Why office art?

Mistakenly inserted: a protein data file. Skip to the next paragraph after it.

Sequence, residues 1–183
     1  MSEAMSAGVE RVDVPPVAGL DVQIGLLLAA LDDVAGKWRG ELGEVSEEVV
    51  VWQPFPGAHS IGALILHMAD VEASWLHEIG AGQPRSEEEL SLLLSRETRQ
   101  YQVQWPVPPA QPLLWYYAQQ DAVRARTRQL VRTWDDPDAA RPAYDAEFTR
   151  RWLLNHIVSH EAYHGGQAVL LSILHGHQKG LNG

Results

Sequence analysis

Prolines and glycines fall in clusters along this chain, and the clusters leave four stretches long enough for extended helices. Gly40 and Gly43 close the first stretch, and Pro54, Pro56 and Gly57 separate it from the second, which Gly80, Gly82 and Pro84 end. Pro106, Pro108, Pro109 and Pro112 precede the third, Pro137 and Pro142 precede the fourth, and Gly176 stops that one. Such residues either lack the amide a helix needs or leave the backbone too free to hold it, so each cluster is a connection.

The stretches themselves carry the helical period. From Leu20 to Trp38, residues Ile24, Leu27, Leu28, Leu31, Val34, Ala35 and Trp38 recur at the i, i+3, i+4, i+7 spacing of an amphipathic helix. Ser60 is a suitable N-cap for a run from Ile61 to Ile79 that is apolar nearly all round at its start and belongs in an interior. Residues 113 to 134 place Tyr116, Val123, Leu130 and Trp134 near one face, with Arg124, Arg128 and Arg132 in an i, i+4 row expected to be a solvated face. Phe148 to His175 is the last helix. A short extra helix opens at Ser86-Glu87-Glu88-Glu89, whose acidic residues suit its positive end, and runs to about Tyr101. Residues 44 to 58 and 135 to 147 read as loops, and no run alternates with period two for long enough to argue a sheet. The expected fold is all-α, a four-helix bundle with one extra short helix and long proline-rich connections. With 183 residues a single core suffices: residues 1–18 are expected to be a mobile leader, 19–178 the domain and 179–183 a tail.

Most of us have worked or will work in an office during our lifetime. My last office job was copyediting for an advertising agency in New York City. Like the many other artists I worked alongside, I considered this my “day job,” longing for a time when I could quit and pursue my dreams full-time. Whether or not this was realistic is not the point; we were creative and felt the drive to create. Still, I was surprised by the mass evidence of solitary creativity I found in the offices and cubicles of my fellow workers: collages, miniatures, drawings, new media and Photoshopped pieces, and in one case, paintings hidden under a desk, slaved over during lunch breaks.